Georgia lawmakers requested a study in February in the amended FY 2015 budget to examine “why [State Health Benefit Plan] SHBP’s costs are higher than other comparable government employee health plans.” The study, conducted by Aon Hewitt on behalf of the Georgia Department of Community Health, is out, and you can almost see the teachers nodding in agreement. It found that Georgia teachers and other state employees are paying 29% more for their health insurance than the average employee enrolled in comparable state plans – or 17% higher when adjusted for state cost levels, demographics, and number of dependents on each plan.
The study compares the SHBP to state health plans from Florida, Kentucky, Mississippi, South Carolina, Tennessee, and the separate Board of Regents plan. When looking at average overall plan costs per employee, including employer subsidies, the SHBP ranks 2nd most expensive, with costs 11% higher than the mean. Aon Hewitt finds three main drivers of this high relative cost versus other states: that healthcare is more expensive and utilized more often in Georgia, that SHBP recipients are older and more female, and that SHBP recipients have more dependents on their plan. Once these factors are controlled for, the study finds that Georgia’s total costs per employee are actually 1% lower than in comparable states.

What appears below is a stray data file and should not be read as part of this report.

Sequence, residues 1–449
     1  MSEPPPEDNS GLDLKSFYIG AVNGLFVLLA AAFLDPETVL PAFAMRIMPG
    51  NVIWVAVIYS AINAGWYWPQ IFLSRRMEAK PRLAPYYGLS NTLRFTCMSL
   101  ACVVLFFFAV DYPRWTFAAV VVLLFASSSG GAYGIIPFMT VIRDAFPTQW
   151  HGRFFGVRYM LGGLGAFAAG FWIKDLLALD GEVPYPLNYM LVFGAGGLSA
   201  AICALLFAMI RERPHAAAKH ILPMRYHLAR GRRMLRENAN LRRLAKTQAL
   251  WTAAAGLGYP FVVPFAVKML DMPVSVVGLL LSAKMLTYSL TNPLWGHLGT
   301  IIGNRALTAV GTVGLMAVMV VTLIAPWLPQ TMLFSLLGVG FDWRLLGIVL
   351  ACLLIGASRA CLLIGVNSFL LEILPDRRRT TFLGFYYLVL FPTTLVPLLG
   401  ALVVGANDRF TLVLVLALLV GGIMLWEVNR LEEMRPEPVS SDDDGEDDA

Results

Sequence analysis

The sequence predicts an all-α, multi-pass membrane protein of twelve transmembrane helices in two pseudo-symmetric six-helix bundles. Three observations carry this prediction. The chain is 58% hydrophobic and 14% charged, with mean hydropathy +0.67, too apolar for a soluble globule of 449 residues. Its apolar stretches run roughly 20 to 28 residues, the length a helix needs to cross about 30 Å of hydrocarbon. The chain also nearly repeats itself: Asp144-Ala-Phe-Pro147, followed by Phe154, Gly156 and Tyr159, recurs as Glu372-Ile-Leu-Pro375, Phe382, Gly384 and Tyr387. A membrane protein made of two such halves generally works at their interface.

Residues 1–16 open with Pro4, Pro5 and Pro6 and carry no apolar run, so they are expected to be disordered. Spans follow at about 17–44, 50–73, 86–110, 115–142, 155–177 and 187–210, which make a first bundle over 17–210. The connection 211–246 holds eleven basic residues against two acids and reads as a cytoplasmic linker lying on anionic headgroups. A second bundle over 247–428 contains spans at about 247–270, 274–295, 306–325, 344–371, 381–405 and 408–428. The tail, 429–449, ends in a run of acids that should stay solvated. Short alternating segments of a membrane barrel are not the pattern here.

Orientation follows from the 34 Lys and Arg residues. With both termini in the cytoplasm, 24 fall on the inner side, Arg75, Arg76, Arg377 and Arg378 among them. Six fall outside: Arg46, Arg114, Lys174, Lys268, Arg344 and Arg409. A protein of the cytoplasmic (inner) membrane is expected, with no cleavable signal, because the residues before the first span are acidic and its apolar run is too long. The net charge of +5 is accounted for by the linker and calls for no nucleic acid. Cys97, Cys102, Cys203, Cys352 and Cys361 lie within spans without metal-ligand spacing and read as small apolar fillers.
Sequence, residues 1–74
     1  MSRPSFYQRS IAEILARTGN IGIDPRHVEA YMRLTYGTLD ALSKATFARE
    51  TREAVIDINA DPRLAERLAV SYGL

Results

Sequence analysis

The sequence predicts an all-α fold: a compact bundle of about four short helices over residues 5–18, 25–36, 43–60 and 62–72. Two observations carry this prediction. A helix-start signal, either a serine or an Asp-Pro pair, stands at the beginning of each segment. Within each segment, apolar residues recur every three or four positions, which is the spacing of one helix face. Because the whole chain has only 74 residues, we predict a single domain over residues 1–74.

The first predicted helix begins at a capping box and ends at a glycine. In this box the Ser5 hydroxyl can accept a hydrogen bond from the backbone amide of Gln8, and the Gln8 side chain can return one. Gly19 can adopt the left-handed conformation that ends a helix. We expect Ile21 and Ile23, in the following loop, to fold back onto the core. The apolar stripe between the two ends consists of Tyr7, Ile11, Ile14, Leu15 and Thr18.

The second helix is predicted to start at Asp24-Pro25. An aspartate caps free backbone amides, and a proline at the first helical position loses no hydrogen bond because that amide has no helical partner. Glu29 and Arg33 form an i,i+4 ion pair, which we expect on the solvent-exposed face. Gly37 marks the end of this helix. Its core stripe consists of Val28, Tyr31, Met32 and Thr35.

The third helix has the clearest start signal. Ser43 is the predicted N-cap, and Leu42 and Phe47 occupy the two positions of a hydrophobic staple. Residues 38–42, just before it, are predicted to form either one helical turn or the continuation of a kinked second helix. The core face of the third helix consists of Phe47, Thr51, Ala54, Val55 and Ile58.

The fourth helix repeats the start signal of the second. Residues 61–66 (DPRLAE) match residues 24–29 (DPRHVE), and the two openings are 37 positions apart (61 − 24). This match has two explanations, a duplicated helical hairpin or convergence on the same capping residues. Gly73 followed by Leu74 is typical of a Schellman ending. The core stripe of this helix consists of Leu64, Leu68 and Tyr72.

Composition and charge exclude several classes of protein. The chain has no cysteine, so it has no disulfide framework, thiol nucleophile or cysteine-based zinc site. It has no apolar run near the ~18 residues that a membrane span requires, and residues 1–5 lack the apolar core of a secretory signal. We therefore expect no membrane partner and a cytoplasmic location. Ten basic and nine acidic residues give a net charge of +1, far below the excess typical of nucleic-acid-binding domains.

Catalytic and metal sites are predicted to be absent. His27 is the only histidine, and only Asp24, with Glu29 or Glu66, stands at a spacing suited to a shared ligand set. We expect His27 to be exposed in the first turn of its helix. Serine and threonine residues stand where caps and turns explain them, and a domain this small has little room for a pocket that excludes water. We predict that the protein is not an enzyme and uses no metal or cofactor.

The study can’t, however, control away the costs that teachers and other state employees directly bear – their payroll deductions for premiums and out-of-pocket costs. SHBP enrollees face the highest unadjusted employee cost of all the comparable plans studied: 29% higher than the mean. Even employees who fully participate in the plans “wellness incentives” and don’t use tobacco face higher unadjusted costs than the average participant in all other comparable plans: 23% higher than the average of all plans. When adjusted for the location, demographic, and dependent factors mentioned above, Georgia employees have the second highest employee cost of all comparable plans and end up paying 17% higher than the mean.
The report offers ten options to lower costs. Most focus on ways to reduce total plan costs, such as implementing telemedicine options, setting up on-site health clinics for teachers, or moving to narrower networks of doctors. However, some key in on the bigger problem for the SHBP: the employee share of costs. Since Georgia passes off more costs of SHBP to its employees than comparable states, one option offered is for the state to increase its employer contribution to better match its peers. With Georgia’s tax revenues up year-over-year, you can bet that teachers groups will be pushing hard for some of these new revenues to be put towards this option.